Stay ahead of diabetes: know your risk
November is Diabetes Awareness Month, and experts say knowing your risk for diabetes can help you stay ahead of this disease.
In this week's Family First segment, KRCG 13 spoke with Certified Diabetes Educator Cheryl Lummis about which factors could put you or your loved ones at risk for diabetes.
Lummis said when it comes to Type 2 diabetes, it's all about knowing where you come from: "I've always said I live my life like I have diabetes, because I know at some point I'll have diabetes because my grandmother did," she said.
But she also said as a Certified Diabetes Educator, she talks to people constantly about risk factors that are in the here and now, such as not getting enough exercise or not eating healthy. "People don't realize that your eating habits starting back when you're a kid will carry on when you're an adult - and those type of things will really cause you issues."
Eating better and exercising more are both actions patients can take, but Lummis said some risk factors are unchangeable - like genetics. She said the same principle holds true of age - one risk factor for diabetes is being over age 45. But, it hasn't always been that way.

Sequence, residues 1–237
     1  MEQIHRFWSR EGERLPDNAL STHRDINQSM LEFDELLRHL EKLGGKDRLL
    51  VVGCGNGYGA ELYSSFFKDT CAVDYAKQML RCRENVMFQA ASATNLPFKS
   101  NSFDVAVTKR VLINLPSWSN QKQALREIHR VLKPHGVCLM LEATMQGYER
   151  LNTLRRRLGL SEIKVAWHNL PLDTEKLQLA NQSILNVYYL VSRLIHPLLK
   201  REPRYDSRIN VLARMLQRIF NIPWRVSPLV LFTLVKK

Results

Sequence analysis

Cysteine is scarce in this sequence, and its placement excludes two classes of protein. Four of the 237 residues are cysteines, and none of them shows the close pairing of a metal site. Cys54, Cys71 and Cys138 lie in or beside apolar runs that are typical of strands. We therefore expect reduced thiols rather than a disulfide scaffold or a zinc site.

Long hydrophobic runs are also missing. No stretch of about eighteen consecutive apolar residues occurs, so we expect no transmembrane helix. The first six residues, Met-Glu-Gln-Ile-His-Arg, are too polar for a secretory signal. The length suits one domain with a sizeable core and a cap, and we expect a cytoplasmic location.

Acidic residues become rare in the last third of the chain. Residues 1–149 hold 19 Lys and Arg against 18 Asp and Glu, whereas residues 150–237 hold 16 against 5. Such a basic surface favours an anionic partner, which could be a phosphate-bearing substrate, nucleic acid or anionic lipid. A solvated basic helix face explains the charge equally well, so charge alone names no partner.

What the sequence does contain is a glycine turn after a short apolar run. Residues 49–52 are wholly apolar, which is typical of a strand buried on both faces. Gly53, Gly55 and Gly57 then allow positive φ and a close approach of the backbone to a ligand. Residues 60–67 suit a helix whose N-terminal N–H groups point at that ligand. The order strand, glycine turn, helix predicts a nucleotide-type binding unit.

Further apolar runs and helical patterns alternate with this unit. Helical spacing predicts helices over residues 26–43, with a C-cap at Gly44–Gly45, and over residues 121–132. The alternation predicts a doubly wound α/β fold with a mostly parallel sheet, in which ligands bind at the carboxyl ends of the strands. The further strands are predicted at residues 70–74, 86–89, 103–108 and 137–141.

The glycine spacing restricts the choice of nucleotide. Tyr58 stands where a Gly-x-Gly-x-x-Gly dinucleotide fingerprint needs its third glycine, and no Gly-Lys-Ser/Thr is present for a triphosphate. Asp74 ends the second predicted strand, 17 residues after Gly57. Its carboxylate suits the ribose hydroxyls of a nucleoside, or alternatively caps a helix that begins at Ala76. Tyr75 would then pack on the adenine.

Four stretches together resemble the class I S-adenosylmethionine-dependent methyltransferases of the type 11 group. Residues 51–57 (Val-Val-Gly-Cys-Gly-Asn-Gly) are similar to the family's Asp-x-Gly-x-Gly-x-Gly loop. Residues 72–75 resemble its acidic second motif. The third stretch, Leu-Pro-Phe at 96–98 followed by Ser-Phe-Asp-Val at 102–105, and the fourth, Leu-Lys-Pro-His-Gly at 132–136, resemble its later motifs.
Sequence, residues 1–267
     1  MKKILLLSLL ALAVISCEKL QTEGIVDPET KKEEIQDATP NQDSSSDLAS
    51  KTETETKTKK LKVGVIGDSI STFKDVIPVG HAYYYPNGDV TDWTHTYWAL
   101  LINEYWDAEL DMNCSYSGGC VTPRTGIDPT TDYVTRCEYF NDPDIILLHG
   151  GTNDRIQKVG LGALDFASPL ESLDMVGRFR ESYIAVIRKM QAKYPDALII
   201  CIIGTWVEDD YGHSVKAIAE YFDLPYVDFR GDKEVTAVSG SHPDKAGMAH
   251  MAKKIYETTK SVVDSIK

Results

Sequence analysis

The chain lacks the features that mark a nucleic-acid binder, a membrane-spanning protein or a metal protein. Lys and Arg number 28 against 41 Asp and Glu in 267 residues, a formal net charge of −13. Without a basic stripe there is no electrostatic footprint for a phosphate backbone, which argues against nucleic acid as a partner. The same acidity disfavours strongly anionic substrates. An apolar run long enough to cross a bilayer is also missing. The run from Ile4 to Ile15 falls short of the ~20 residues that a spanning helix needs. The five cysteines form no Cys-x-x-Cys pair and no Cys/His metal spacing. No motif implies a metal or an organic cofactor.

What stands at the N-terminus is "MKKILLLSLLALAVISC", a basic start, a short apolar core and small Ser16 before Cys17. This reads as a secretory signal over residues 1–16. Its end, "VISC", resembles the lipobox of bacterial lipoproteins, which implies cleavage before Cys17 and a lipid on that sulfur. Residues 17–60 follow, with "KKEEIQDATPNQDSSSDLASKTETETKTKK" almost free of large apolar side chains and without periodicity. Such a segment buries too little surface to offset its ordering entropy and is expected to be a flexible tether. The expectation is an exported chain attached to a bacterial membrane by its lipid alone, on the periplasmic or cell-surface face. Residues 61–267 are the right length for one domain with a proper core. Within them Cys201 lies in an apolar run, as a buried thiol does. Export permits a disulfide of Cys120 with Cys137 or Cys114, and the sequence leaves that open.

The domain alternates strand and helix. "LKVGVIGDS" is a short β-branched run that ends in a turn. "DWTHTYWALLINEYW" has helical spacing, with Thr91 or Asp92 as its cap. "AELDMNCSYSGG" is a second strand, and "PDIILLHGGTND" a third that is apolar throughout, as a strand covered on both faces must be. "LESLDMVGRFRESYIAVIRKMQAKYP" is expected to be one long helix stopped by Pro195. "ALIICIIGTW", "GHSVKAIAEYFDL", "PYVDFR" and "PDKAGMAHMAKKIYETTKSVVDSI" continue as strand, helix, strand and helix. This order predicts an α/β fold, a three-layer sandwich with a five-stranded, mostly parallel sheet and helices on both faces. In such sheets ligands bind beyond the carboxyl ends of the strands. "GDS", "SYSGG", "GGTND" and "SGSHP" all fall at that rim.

"The interesting thing is, back when I started teaching diabetes a long time, most of the people were over the age of 65. As I started doing this, we started to see the trend of people getting younger and younger.
Younger diabetics aren't the only trend, according to data from the CDC, which shows diabetes has massively increased across the board in the U.S. in the past decades.
Lummis said even when the numbers seem to be increasing faster than anyone could keep up, the key to knowing your risk factors is focusing on those you can control. "Just making healthy choices overall, all through your life... that's the most important part of taking care of those risk factors," she said.
Watch KRCG 13 at 5 p.m. next Friday for our next Family First segment - we'll talk to certified diabetes educator about a helpful method for calculating your risk for diabetes.